This is of course, the point of the story. The reader is introduced to a vibrant and complex clan culture, that of the Igbo, that’s survived for untold years. We see a protagonist struggle within the context of that culture, but also as an individual with his own strengths and weaknesses. It’s fascinating as a human tale.

And then, the book tells us, the White People Show Up, and every part of this is destroyed and/or adulterated. It is a cultural collapse both deliberate – the missionaries fully intended to change the Africans’ culture – and unintended, as not understanding the culture, they could not foresee how the Igbo would react. That some of the whites – such as Mr. Brown – have benevolent intentions is irrelevant. They are the destroyers of the world we’re now invested in. Others, such as the District Commissioner, do not even have names, and function less as characters than as events, irruptions of Whiteness.

One doesn’t have to excoriate Achebe to draw the obvious parallels. Europeans in Things Fall Apart are reductions of their race in the same way that Africans in Heart of Darkness are. It is a mirror, reflecting the same encounter from the other side (albiet in British Nigeria rather than Belgian Congo). And just as I do not expect Conrad to see Africans as anything but Other, I cannot but expect Achebe to see Europeans the same way. The reality of the encounter demands it, even as it frustrates our grander moral principles. Humans have tribal instincts that are tied to our social dynamic. Conformity within that social dynamic creates cohesion and expectation. So any violation of that conformity in one sense feels wrong. As the Africans on the riverside don’t fit Marlowe’s conception of what a man should be, neither do the Europeans to Okonkwo.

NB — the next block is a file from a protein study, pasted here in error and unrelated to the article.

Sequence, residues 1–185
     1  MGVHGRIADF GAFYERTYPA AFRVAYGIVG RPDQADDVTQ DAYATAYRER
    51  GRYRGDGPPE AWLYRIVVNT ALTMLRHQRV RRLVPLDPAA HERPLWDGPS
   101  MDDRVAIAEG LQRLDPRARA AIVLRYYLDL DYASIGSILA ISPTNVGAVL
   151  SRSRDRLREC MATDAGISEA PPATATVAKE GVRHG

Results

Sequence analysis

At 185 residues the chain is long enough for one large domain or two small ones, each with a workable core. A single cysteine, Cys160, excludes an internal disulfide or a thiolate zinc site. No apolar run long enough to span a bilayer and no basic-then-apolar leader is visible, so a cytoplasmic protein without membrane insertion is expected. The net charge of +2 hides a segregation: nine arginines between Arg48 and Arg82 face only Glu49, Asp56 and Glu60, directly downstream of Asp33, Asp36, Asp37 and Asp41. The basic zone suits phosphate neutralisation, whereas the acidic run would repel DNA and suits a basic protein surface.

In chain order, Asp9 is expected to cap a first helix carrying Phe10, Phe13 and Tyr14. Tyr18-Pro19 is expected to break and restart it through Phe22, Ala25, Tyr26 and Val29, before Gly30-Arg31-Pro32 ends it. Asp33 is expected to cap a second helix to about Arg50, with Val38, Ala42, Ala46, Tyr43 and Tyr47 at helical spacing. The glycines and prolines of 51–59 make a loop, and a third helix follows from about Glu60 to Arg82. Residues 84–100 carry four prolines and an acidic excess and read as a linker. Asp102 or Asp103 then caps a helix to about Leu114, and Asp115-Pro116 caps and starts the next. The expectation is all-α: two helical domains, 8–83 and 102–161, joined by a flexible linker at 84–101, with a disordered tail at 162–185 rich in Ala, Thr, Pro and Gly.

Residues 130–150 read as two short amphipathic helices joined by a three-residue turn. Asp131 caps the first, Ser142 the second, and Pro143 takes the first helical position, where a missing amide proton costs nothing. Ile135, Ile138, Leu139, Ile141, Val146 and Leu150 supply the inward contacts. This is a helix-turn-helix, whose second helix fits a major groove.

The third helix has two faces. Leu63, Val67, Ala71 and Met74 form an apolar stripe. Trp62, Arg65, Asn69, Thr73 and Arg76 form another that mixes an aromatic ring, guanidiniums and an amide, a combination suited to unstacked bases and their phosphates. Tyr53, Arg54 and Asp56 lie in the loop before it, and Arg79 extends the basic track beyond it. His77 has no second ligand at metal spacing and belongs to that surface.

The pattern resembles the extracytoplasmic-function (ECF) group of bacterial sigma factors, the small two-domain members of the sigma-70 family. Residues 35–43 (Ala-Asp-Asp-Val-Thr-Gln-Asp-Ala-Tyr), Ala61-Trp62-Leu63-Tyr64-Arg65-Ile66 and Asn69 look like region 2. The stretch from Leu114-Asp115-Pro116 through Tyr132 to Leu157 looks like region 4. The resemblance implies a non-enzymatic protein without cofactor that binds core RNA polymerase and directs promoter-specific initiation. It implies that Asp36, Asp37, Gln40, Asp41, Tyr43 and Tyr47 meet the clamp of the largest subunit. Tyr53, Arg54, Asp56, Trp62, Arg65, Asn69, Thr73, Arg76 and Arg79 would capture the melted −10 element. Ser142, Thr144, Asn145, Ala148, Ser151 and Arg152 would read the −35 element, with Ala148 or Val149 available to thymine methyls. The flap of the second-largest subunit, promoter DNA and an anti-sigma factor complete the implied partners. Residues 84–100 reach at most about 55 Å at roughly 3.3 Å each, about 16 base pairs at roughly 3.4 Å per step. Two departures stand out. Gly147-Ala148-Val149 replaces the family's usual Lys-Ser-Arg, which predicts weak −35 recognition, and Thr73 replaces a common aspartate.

It’s important to recognize this, because if we refuse to do so, we allow our sense of Other to permit actions that our moral sense would otherwise have found repulsive. 19th-Century Europeans regarded Africans as sufficiently human to expend time and treasure to shut down the African slave trade. But despite that moral discovery, other economic exploitations, and concomitant cruelties, were allowed to go on. Africans were still Other enough that their lands, their religions, their traditions, etc. were regarded with contempt.

But that was 1890. The modern age pretends to have transcended this dynamic, but they’ve simply reversed the polarity on it. European civilization has gone from being The Best and Most Natural Standard of Good, to the Foulest and Most Horrid Excrescence of Wickedness. That the second fails under examination as clearly as the first did does not deter those who speak it. Anger and revulsion at the darkness in the human heart wheresoever it be found will usually find a scapegoat. Others gonna Other.

For that reason, I favor reading both these books, as both examples and examinations of the problem we have communicating across groups. Human nature might never permit us to transcend the problem, but forearmed, we might pull back some from the Horror.